To the shore : Exhibition 1 December

 

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From the realm of the sea
To the shore.
A recent exhibition by continuing Art Space and Nature MFA students investigated the sea’s vibrant materiality and chaotic order, following fieldwork in the Outer Hebrides.  A further exhibition building on this work will follow at ‘An Lanntair’ gallery, Stornoway in March next year.
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‘ORIGINS’ Russell Beard

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‘ORIGINS’ Russell Beard

Filmed on Tulsa Beach on the Isle of Lewis in the Scottish Outer Hebrides, Russell Beard’s video installation ‘ORIGINS’ consists of a mirrored moving image of the complex patterns created in water, sand and sunlight where a river meets the sea.*

*Alternatively it could be read as a time piece, concerning the origins of our own vital materiality…. and how certain properties emerge from complex chaotic systems amid the ongoing oscillations between the creative generative forces of life’s perpetual becoming and the dissipative cosmic processes of entropy and decay.

 

Alex Hackett’s work goes within the sea to experience the shoreline.  Adopting sculptural forms and materials from the Isle of Lewis alongside sympathetic found materials, she creates objects reflecting the mystical nature of the shore. Texts document the material qualities of the water as affected by weather, the elements and light, whilst bearing the mark of the personal.

 

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‘swell’ Will Urmston

Will Urmston’s piece came to light during a stay in a cliff-side bothy on the west coast of Lewis. Looking through to the sea below, we enter ‘the cave’ and look outward with clarity as we face the peace of our own elemental existence.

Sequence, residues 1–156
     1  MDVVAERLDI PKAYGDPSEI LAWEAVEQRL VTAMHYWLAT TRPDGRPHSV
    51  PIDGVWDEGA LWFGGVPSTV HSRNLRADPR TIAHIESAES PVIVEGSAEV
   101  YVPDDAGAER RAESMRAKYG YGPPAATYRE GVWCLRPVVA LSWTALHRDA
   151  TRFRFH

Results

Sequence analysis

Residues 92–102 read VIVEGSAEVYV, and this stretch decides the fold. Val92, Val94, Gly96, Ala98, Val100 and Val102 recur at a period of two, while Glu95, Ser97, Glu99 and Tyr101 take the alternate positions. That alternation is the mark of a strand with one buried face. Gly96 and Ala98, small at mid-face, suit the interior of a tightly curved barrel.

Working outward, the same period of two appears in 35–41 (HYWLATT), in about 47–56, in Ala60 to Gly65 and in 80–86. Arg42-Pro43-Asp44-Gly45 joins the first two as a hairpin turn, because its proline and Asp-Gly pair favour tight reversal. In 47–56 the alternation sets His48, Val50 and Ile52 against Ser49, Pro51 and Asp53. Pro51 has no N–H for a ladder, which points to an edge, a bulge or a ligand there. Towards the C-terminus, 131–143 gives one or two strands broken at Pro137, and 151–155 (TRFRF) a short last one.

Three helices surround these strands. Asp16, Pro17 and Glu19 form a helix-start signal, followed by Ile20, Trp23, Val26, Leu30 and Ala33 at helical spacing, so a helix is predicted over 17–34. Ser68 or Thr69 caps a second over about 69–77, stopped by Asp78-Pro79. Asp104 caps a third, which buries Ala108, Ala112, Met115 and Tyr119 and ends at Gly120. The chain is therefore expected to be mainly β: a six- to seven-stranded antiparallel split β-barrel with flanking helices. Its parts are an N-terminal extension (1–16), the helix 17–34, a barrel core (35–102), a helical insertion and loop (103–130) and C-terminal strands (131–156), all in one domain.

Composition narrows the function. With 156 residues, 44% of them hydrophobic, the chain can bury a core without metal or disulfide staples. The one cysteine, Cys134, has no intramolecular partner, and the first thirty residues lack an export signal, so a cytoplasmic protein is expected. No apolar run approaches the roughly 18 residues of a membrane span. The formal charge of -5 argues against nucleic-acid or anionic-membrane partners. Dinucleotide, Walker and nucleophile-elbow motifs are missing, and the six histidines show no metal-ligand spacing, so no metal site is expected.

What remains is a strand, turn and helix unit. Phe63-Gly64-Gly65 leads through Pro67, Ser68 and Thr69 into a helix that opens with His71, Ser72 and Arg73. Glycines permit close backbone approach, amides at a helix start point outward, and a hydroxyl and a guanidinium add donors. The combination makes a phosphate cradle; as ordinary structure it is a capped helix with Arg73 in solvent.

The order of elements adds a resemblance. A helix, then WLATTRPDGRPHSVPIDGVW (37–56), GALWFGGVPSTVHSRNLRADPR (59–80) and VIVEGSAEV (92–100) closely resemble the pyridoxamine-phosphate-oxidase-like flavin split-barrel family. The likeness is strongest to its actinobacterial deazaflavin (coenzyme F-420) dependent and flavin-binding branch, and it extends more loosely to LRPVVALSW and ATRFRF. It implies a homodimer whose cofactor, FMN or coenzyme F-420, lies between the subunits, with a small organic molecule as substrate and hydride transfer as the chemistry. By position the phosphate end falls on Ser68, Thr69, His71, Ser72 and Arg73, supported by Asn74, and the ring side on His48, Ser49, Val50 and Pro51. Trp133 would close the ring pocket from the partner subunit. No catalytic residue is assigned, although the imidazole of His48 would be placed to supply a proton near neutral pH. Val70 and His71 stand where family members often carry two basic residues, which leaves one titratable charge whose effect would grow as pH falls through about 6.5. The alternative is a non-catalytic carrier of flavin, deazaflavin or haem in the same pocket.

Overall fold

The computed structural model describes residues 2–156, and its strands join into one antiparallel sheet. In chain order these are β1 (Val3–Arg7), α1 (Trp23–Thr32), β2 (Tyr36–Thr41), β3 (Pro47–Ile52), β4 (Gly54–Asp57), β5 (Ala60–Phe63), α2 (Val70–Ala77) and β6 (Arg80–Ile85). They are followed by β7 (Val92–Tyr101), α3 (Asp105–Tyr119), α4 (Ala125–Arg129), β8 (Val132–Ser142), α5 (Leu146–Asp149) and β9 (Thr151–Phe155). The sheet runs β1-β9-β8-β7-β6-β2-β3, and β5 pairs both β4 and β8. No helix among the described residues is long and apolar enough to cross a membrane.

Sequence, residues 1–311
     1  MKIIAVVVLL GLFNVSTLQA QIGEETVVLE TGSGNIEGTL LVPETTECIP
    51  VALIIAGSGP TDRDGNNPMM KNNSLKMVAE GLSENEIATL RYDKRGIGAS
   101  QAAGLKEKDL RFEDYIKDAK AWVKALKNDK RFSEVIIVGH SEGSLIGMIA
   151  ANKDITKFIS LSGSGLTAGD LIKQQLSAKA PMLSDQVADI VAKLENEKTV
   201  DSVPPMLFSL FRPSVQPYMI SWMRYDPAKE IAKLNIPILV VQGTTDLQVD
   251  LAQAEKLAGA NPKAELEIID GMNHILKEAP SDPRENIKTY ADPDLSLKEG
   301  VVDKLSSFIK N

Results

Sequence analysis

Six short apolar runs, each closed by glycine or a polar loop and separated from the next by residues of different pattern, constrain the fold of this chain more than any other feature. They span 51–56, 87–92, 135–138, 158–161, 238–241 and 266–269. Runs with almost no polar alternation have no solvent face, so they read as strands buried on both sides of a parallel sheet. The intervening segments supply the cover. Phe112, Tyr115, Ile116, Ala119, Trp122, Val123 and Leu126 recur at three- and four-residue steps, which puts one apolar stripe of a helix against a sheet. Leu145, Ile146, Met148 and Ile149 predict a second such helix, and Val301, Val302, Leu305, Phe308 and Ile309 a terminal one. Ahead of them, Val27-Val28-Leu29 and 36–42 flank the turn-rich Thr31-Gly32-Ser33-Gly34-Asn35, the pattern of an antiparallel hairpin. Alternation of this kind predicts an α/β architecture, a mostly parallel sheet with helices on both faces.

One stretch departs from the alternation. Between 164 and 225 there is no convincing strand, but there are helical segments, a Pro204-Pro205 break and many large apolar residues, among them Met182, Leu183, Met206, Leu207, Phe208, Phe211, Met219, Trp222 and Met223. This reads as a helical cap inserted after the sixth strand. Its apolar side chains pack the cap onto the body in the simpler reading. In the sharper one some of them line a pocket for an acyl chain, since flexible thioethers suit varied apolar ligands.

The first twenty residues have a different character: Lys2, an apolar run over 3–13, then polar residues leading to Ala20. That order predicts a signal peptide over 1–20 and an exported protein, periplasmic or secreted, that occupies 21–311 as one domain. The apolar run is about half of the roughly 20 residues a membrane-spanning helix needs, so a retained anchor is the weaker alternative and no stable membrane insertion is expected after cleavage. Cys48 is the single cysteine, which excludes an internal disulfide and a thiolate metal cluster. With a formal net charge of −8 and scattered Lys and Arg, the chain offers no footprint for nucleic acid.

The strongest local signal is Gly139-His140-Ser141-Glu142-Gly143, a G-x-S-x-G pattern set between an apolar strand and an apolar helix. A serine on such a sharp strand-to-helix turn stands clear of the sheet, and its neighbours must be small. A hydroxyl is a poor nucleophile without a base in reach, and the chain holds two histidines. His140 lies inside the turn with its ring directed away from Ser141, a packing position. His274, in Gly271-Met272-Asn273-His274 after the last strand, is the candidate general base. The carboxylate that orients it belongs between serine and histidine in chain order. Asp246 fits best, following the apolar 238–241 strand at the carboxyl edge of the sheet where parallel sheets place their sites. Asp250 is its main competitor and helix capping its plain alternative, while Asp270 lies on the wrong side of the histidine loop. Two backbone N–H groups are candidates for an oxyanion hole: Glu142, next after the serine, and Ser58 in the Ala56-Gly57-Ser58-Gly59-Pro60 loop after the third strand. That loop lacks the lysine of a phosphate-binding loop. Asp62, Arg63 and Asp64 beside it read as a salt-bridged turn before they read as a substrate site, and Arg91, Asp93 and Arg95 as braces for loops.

‘…No Better Than Its Woods’ at Patriothall Gallery

“This great society is going to smash;
They cannot fool us with how fast they go,
How much they cost each other and the gods.
A culture is no better than its woods.”

– from ‘Woods’, W.H. Auden

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This exhibition brought together work by current MA/MFA students on the Art Space and Nature programme at Edinburgh College of Art following recent fieldwork in the Black Wood of Rannoch, one of the few remaining areas of ancient Caledonian forest in Scotland.

Photographs : Alex Hackett

CLUSTER at ECCI, Edinburgh International Science Festival

Art Space and Nature students recently exhibited as part of the Edinburgh International Science Festival, with an exhibition at Edinburgh Centre for Carbon Innovation [ECCI].  The exhibition explored carbon in its many forms, whilst working within the context of the state of the art building and ECCI’s approach to creating a low carbon future.

Photographs : Sam Sucík

Solo Shows in Tent Gallery

Art Space and Nature MAFA students recently organised a series of One Day Solo Shows in Tent Gallery, showing current work.

The first of the solo shows featured work from three artists; with Olivia Tutton’s work delicately exploring themes of memory and language. Russell Beard examined entropy and transitioning physical materials, and Alex Hackett’s installation of sculptural objects presented an absurd and Anthropocenic sea.